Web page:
New International

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Not to be confused with News International. ‹See Tfd›
For the book by Jacues Derrida, see Specters of Marx.

The New International is a magazine of Marxist theory published first by the Socialist Workers Party of the United States (SWP) from 1934 to 1940, then by the Workers Party from 1940 to 1958,[1] and then revived by the SWP since 1983.[2]

Current format[edit]

Since the magazine's resumption in 1983, The New International has included articles written by leaders of the 'Pathfinder tendency' which left the Fourth International in the 1980s. Content focuses on speeches and resolutions of the SWP's biannual conference, and archival documents by Bolshevik and Castroist communists. It is now published roughly once every two years.

The magazine's last publication (online) was a 2008 issue with a covers story entitled "Revolution, Internationalism, and Socialism: The Last Year of Malcolm X" by Jack Barnes. Other articles were: "The Clintons’ Antilabor Legacy: Roots of the 2008 World Financial Crisis," "The Stewardship of Nature Also Falls to the Working Class," "Setting the Record Straight on Fascism and World War II: Building a World Federation of Democratic Youth that Fights Imperialism and War."[3]

History[edit]

Martin Abern and Max Shachtman founded the magazine in 1934.

When Shachtman and his associates split from the SWP to form the Workers Party in 1940, they brought the journal to the new organization: an action regarded by the SWP as theft. The SWP replaced New International with Fourth International, later called International Socialist Review.

The New International Publishing Company published the magazine from 1934 to 1958 as "a monthly organ of revolutionary Marxism." From 1934 to 1949, it published monthly. Publication suspended from July 1936 to December 1937 and also in Jan. 1940. In this period, publishers changed several times:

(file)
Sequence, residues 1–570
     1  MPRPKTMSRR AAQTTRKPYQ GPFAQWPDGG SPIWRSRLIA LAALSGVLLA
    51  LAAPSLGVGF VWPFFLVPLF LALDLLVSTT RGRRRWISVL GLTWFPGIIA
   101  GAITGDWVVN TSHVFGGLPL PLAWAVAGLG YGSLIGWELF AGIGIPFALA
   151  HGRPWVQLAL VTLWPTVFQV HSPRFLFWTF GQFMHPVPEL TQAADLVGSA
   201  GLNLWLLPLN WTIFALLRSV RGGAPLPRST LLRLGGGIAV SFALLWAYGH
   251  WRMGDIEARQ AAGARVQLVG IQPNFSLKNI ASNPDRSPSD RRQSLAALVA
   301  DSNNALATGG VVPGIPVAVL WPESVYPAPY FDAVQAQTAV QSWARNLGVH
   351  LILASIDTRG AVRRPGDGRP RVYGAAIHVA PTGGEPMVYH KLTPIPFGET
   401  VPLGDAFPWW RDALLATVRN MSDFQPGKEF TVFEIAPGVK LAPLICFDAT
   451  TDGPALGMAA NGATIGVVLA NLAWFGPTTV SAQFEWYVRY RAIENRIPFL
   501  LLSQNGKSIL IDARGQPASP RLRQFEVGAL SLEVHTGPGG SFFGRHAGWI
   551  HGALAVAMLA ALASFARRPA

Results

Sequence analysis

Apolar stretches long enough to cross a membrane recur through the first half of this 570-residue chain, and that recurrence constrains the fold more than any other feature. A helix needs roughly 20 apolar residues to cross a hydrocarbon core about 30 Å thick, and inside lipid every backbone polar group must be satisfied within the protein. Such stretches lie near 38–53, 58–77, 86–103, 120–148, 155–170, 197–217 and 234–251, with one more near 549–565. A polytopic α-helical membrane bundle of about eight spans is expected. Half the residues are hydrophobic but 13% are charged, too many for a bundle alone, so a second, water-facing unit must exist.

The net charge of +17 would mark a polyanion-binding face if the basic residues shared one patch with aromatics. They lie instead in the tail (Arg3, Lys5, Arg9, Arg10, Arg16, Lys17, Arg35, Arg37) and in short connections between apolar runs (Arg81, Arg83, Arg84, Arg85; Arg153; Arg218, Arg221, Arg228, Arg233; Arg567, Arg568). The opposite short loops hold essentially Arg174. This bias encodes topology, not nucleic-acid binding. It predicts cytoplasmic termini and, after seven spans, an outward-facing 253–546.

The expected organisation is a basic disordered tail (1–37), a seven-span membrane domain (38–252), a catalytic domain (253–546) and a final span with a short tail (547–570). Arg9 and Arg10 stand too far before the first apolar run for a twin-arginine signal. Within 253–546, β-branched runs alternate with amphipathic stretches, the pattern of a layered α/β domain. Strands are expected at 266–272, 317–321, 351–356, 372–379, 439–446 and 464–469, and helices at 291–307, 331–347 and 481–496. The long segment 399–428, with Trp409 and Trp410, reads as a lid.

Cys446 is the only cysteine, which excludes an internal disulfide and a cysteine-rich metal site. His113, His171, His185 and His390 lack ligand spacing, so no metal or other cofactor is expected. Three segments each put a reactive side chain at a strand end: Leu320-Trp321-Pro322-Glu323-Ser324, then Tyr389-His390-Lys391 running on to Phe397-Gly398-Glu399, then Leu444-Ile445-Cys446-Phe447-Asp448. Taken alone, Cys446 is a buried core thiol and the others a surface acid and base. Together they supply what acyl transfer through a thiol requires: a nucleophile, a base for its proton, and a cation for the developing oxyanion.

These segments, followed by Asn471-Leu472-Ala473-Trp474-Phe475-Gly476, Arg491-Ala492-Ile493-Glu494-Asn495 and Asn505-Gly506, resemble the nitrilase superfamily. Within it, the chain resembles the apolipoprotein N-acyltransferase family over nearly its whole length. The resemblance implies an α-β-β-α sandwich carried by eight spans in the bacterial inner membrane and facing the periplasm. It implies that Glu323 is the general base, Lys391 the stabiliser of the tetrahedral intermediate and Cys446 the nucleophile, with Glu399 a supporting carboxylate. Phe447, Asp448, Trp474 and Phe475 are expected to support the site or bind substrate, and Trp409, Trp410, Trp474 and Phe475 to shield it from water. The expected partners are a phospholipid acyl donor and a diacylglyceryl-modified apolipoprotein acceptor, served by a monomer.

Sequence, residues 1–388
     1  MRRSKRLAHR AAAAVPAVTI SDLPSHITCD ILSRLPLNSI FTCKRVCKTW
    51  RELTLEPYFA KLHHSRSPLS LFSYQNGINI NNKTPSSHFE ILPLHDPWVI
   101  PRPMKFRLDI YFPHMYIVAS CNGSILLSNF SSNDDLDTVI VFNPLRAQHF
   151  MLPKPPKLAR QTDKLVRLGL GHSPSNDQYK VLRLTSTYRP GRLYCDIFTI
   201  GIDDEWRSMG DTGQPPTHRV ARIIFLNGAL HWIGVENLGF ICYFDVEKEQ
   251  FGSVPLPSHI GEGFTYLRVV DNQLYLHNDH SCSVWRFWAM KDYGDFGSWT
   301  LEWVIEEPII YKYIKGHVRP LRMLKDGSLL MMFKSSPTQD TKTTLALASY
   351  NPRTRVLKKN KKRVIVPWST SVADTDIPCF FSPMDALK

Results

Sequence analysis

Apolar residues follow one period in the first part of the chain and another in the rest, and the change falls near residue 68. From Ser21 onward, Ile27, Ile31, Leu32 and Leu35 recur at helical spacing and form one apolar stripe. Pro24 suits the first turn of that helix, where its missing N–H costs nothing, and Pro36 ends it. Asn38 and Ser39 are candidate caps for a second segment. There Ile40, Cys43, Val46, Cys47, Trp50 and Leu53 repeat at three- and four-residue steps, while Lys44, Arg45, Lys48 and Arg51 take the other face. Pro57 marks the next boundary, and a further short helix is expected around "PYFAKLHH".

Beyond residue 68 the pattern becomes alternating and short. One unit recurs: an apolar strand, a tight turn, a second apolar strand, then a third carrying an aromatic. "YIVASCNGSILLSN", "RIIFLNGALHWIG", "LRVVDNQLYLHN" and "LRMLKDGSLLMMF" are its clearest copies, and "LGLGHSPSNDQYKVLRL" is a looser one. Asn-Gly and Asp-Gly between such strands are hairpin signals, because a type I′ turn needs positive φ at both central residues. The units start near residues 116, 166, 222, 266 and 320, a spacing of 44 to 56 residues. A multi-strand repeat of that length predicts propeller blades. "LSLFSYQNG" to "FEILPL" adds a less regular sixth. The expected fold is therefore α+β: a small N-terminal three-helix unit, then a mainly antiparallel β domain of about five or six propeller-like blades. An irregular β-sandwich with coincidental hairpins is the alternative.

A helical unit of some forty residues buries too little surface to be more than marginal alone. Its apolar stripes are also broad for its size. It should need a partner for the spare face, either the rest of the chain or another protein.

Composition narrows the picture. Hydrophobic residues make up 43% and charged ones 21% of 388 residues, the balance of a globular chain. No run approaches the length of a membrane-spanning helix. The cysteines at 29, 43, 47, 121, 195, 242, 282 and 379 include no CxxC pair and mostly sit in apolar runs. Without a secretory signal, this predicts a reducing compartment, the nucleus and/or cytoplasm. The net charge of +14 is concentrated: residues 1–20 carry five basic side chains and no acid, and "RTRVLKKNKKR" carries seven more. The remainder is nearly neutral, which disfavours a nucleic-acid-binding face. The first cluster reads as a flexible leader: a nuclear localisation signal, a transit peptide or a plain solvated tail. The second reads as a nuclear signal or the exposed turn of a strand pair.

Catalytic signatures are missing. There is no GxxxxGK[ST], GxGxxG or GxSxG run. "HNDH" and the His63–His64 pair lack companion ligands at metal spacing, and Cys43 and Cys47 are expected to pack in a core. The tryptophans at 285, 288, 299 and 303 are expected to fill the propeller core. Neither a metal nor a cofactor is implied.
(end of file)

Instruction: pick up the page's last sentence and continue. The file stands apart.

• January 1935 - June 1936: Workers Party of the U.S.
  • January 1938 - April 1940: Socialist Workers Party
  • May 1940 - May 1949: Workers Party of the U.S.
  • May 1949 - Spring/Summer 1958: Independent Socialist League[1]

In the September–October 1952 issue, the major advertiser was the Labor Action Book Service (named after the ISL's newspaper).[4]

The New International was discontinued around the time that the Shachtmanites entered the Socialist Party of America in 1958.

In 1983, the SWP refounded the magazine in co-operation with the Revolutionary Workers' League in Canada.

Editors and contributors[edit]

The magazine's current editors are Mary-Alice Waters, Steve Clark and Jack Barnes. Assisting them are seven international consultants.

The original editors in 1934 were the magazines founders, Martin Abern and Max Shachtman.

In its initial period (1934-1958), the magazine's editors (or editorial board in the absence of listed editors) were:

  • July 1934 to December 1934: Max Shachtman
  • January 1935 to June 1936: Max Shachtman and John West (James Burnham)
  • January 1938 to March 1939: board of James Burnham, Max Shachtman, and Maurice Spector
  • April 1939 to March 1940: board James Burnham and Max Shachtman
  • May 1940 to September 1941: Max Shachtman
  • Oct. 1941 to June 1943: Albert Gates (Albert Glotzer)
  • July 1943 to August 1945: Max Shachtman
  • September 1945 to May 1946: Ernest Erber (sometimes Shachtman as “editor”)
  • August 1947 to December 1947: Albert Gates (Albert Glotzer)
  • January 1948 to March 1949: Hal Draper
  • April 1949 to December 1949: Max Shachtman
  • January–February 1950 to January–February 1953: Emmanuel Garrett (Shachtman as “formal editor”)
  • March–April 1952 to 1958: Julius Falk as managing editor (Shachtman as “editor”)[5]

The September–October 1952 issue lists Shachtman as editor and Julius Falk as managing editor. Contributors include: Gordon Haskell, G. Zinoviev, and Albert Gates (Albert Glotzer). Forthcoming issues would have contributions from Ben Hall, Shachtman, and Zinoviev.[4]

References[edit]

  1. ^ a b "The New international". Library of Congress. Retrieved 6 July 2013. 
  2. ^ "The New International". Pathfinder Press. Retrieved 6 July 2013. 
  3. ^ "The New International". Pathfinder Press. 2008. p. 245. ISBN 978-1-60488-005-2. 
  4. ^ a b "The New International: A Marxist Review" (Vol. XVIII, No. (Whole No. 156)). Marxists.org (for Workers Party). September–October 1952. Retrieved 6 July 2013. 
  5. ^ "The New International". Marxists.org. Retrieved 6 July 2013. 

External links[edit]